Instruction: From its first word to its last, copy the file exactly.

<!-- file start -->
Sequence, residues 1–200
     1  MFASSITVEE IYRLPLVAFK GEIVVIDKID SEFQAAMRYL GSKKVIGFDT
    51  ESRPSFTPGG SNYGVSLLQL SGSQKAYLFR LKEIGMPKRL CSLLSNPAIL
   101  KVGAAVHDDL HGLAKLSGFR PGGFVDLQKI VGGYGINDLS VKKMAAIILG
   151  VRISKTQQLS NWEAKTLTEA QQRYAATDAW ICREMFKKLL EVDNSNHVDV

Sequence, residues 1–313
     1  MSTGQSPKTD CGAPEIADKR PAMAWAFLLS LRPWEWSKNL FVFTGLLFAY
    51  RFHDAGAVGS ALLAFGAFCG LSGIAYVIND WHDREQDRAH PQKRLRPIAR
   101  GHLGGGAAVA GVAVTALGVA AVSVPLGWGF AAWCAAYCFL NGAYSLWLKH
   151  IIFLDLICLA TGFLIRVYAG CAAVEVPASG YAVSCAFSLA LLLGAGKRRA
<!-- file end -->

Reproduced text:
Sequence, residues 1–200
     1  MFASSITVEE IYRLPLVAFK GEIVVIDKID SEFQAAMRYL GSKKVIGFDT
    51  ESRPSFTPGG SNYGVSLLQL SGSQKAYLFR LKEIGMPKRL CSLLSNPAIL
   101  KVGAAVHDDL HGLAKLSGFR PGGFVDLQKI VGGYGINDLS VKKMAAIILG
   151  VRISKTQQLS NWEAKTLTEA QQRYAATDAW ICREMFKKLL EVDNSNHVDV

Sequence, residues 1–313
     1  MSTGQSPKTD CGAPEIADKR PAMAWAFLLS LRPWEWSKNL FVFTGLLFAY
    51  RFHDAGAVGS ALLAFGAFCG LSGIAYVIND WHDREQDRAH PQKRLRPIAR
   101  GHLGGGAAVA GVAVTALGVA AVSVPLGWGF AAWCAAYCFL NGAYSLWLKH
   151  IIFLDLICLA TGFLIRVYAG CAAVEVPASG YAVSCAFSLA LLLGAGKRRA